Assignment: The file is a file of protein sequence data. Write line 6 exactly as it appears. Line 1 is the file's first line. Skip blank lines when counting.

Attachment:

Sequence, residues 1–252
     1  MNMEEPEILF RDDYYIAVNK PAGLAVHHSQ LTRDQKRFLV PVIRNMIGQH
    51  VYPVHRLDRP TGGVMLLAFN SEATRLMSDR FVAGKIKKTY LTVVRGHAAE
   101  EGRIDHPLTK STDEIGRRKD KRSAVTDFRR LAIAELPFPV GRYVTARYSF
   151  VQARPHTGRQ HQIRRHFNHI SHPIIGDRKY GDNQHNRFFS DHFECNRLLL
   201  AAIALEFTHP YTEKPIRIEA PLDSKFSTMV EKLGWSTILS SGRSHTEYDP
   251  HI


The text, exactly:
   201  AAIALEFTHP YTEKPIRIEA PLDSKFSTMV EKLGWSTILS SGRSHTEYDP